What is ESG?
ESG stands for Environmental, Social and Governance. ESG is the framework that is used to determine how sustainable an organisation or company is. It is typically used as a screening tool by the fund management industry to identify material risks and growth opportunities.
It is common to use the terms ESG and sustainability interchangeably, but there are some differences between the two.
The term sustainability refers to meeting our own needs without compromising future generations' ability to meet theirs. Sustainability in business means ensuring the company's whole value chain has a positive impact on the environment and society, thereby creating long-term value. Sustainability is used as an umbrella term, whereas ESG principles are much more specific and data driven.
The environmental factor in ESG considers both how a company impacts the environment and how environmental factors impact the company. The environmental challenges we face today bring both financial risk and opportunity that investors and organisations need to manage. The major environmental challenges are climate change, biodiversity loss, deforestation and resource depletion. As biodiversity and natural resources continue to decline, climate change accelerates. The world is heading for a 3°C rise in global temperature by 2050. To avoid the most catastrophic impacts of climate change, we must limit global warming to 1.5°C. While there are challenges, there are also many innovations and new market opportunities from a climate-resilient world.
While the environment quite rightly commands a lot of airtime, social issues are equally in the spotlight for investors. Human rights, diversity and inclusion, equal pay, avoiding exploitative labour and modern slavery present major risks and opportunities for business across complex global supply chains. Since the COVID-19 pandemic, there has been a renewed focus on employee welfare, including mental health and wellbeing.
Stakeholders are increasingly holding companies to a higher standard of governance, demanding that they demonstrate a real commitment to being part of the solution and not the problem. ESG has moved from narrow activism to a sphere of risk management for corporate boards.
Investors want to see a ‘purpose-led’ business with a holistic and credible approach to managing their material ESG risks and opportunities. This is about being proactive and not reactionary. Being a ‘Sustainable Organisation’ means placing sustainability at the heart of the business to credibly manage material, environmental and social impacts. To get there, corporate governance, accountability, stakeholder engagement – ensuring transparency and taking a long-term view – are required.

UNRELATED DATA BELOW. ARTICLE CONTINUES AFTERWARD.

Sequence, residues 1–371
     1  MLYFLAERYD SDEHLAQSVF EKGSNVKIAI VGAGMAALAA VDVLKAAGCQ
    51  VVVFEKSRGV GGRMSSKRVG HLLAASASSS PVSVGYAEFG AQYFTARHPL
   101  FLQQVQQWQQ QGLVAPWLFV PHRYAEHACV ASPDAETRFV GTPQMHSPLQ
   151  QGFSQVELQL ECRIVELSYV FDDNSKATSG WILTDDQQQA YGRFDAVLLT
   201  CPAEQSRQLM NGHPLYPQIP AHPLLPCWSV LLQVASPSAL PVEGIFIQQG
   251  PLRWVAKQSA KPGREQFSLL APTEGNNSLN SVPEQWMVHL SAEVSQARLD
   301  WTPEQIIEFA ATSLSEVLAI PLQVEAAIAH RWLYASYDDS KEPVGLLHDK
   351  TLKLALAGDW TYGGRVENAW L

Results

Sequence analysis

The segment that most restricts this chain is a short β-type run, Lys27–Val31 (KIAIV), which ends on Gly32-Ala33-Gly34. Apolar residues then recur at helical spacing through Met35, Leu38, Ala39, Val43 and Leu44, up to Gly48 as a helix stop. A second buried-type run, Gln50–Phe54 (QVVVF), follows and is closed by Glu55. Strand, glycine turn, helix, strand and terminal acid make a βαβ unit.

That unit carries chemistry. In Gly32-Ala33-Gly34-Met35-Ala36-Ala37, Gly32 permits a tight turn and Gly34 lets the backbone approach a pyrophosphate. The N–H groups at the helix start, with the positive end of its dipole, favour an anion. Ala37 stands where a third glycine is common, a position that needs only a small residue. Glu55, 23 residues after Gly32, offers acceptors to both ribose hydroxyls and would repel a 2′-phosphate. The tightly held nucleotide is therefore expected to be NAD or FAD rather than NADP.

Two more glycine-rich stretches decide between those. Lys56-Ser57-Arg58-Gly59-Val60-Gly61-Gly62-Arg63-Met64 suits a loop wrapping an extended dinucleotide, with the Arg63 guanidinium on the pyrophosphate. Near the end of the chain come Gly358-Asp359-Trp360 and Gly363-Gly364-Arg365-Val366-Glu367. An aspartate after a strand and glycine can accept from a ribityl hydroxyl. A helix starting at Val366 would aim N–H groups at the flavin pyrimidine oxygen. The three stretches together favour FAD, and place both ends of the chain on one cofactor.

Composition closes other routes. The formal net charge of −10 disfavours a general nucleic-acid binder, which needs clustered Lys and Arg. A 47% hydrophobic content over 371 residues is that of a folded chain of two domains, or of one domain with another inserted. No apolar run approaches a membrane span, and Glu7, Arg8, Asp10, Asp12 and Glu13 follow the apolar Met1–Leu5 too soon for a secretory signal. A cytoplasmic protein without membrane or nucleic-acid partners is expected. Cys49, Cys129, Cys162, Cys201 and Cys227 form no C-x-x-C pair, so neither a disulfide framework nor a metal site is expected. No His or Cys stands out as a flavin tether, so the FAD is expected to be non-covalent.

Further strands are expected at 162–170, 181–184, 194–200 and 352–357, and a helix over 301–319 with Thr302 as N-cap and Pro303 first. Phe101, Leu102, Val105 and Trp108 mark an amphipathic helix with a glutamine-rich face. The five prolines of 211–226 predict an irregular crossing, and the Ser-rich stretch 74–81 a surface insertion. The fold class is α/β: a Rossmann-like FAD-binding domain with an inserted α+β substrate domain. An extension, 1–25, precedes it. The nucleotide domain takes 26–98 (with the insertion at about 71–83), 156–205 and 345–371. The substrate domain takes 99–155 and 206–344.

The evolution of ESG
The last ten years have seen an evolution of ESG from a ‘nice to have’ component to one of the most profound areas of structural growth from both an investment and corporate perspective.
Incorporating sustainability into investment decisions signals a desire to influence societal and environmental outcomes through investment choices. Importantly, in contrast to other growth initiatives that asset managers have tried, ESG is a feasible solution and readily achievable as it provides value beyond investment performance.
Institutional investors, driven by heightened scrutiny of their own ESG credentials, are setting a much faster pace – driving ESG disclosure requirements and increased engagement for all PLCs in their equity portfolios. Those companies that do not engage and respond will be discarded or left on the sidelines. Given the scale of AUM growth, the opportunities for those companies that can effectively and authentically exhibit their own ESG narrative are also very significant.
Regulation is also evolving at a rapid pace; as part of the EU Taxonomy, 2021 saw the launch of the EU’s Sustainable Finance Reporting Directive (SFDR) and, in the UK, mandatory Task Force on Climate-related Financial Disclosures (TCFD) is now required for all premium-listed UK companies.
Managing sustainability risks and opportunities is a growing priority for companies. Urgent environmental and social challenges, such as climate change and modern slavery, are creating a growing range of policy, legal and market challenges for businesses to navigate – that is where our team can help.
Companies are also under increasing pressure, not just from their stakeholders but society at large, to develop a deeper understanding of their environmental, social and governance responsibilities.
Davy Horizons is a sustainability consultancy that specialises in helping organisations understand changing stakeholder and societal expectations by defining and operationalising bespoke sustainability plans to drive their long-term success